Maybe, I think it’s a natural reaction because it isn’t what we’re used to. I think people will be weirded out but curious at first. They’ll probably try to tug and the strap and tear it or something. Which is okay. It’s not the norm. But once people actually use it and realize that it’s really comfortable and works, they’ll wonder why it isn’t the norm. And that’s cool.


So with a normal boardshort, when you’re out in the water for a while, there is a certain amount of give that happens naturally from drag and moving around. Does that still happen with the Hydro?

I didn’t notice any. Maybe there is a bit but it’s not substantial. Every time I’ve surfed in it the waistband stays locked in and doesn’t budge. With that being said, if you buy it big I’m sure there will be some movement.


Yeah, that’s true. You can’t really cinch with this closure system.  

Well, with drawcords, you can’t really cinch that much. There’s only a bit of play. That’s still true with the No-Tie-Fly.


What’s cool conceptually, is that the closure works with the surfer for the first time. Like the downward pressure when you’re laying on the board actually helps keep the closure locked. And with a drawcord, it seems like the opposite. But this lays flat so you aren’t mixing wax in and pulling the thing apart.

Yeah, that pressure actually seals it more. That’s true. And we use a really high-grade hook and loop. It’s three times as strong as normal velcro. If you zoom in on the closure, the teeth are gnarly and create a sturdy grip.


So let's talk about the waistband. This thing is pretty tech as well and probably different from what people are used to.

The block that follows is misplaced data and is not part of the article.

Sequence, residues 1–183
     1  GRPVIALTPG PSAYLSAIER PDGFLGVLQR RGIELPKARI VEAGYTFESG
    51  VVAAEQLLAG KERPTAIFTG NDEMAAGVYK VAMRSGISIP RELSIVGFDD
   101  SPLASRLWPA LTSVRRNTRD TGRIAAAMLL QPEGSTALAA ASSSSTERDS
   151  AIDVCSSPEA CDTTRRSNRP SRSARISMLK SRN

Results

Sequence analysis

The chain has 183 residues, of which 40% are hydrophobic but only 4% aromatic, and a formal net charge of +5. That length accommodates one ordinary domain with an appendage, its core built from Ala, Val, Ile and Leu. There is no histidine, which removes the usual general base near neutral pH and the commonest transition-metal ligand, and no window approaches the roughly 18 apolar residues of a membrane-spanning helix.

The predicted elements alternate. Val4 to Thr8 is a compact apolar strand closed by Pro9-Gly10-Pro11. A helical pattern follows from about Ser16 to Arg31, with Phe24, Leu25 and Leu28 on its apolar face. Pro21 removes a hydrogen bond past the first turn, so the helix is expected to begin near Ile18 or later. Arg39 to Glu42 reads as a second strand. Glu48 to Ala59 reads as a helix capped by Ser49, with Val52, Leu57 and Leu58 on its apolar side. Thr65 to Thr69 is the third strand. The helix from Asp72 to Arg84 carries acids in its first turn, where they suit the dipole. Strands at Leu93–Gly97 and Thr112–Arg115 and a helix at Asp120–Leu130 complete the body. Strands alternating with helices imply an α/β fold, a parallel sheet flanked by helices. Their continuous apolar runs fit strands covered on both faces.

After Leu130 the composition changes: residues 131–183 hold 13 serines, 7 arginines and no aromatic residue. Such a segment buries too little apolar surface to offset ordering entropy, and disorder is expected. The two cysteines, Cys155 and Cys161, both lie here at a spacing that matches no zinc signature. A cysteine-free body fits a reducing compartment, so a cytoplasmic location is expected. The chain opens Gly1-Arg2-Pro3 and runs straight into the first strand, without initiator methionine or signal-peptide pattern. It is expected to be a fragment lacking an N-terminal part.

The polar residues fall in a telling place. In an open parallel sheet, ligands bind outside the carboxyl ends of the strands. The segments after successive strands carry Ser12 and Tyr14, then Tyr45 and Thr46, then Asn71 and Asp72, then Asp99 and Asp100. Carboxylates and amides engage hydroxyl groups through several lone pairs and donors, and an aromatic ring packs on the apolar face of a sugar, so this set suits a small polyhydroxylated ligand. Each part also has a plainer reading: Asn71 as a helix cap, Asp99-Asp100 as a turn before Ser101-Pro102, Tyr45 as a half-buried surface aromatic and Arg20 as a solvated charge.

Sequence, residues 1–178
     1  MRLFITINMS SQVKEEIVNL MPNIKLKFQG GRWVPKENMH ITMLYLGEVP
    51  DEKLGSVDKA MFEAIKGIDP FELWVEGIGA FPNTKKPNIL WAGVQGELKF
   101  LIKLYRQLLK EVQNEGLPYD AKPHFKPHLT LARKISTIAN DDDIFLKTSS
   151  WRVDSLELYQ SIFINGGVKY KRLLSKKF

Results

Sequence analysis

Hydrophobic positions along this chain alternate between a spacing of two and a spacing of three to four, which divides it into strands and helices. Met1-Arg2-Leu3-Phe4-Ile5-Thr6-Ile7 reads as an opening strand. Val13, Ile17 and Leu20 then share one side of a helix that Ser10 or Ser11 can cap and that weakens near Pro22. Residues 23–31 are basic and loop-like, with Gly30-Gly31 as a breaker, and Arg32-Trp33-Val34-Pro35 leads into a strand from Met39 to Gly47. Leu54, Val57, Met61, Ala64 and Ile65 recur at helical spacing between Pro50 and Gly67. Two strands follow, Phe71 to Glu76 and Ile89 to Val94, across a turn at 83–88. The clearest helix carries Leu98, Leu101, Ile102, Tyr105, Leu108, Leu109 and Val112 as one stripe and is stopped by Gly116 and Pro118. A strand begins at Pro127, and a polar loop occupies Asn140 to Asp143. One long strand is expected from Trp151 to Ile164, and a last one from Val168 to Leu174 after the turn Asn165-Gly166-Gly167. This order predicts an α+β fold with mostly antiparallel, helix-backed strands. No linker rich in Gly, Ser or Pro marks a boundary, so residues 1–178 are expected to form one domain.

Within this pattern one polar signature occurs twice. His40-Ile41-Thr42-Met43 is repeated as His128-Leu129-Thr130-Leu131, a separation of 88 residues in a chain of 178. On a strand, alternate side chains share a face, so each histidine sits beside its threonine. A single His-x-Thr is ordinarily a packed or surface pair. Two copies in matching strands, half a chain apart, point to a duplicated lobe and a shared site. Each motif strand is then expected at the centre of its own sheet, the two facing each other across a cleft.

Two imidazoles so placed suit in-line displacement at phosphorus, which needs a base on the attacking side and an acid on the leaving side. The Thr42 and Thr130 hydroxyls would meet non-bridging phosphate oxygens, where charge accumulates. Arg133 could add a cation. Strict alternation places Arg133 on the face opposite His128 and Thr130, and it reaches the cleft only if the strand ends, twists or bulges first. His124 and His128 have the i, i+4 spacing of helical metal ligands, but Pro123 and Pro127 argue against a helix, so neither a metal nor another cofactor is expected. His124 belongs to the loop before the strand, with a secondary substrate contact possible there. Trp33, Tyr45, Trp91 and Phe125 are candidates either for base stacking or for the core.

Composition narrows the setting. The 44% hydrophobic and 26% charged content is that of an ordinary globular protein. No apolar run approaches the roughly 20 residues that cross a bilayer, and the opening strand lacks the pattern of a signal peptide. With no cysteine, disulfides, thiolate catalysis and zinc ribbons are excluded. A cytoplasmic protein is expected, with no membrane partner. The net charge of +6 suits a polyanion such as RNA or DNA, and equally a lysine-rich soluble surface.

This trunk is much more than just the “No Tie Fly.” The waistband construction itself is a 3-ply bonded material. On the inner part of the waistband is polypropylene which is a moisture-wicking material that pulls moisture outward off the body. The second layer is mesh and the third is the normal boardshort material. What’s happening is the waistband pulls moisture off the body and goes outward, helping the short dry faster. It took a lot of work and testing to get the waistband right. Not too stiff and not too thin, but still really modern and lo-pro. It went through many versions to find the right combination of fabric construction. It’s hard to do with the welding because it tends to stiffen things up. It gets almost too sharp sometimes but I think it came out cool.


What’s the deal with the bottom panels? The lower part that’s actually draping over the legs is extremely thin.

Yeah, so the idea was to have a fully laser-cut hem. We designed it with a slight scallop at the side leg for ergonomic and performance reasons. The laser-cut hem actually burns the edges of the material so it doesn’t fray. It’s a clean cut and there is no stitching or folded over fabric at all. Those things restrict flexibility so we made sure to do away with it. The whole silhouette is completely open to maximize the fullest range of motion. There’s no restriction of movement.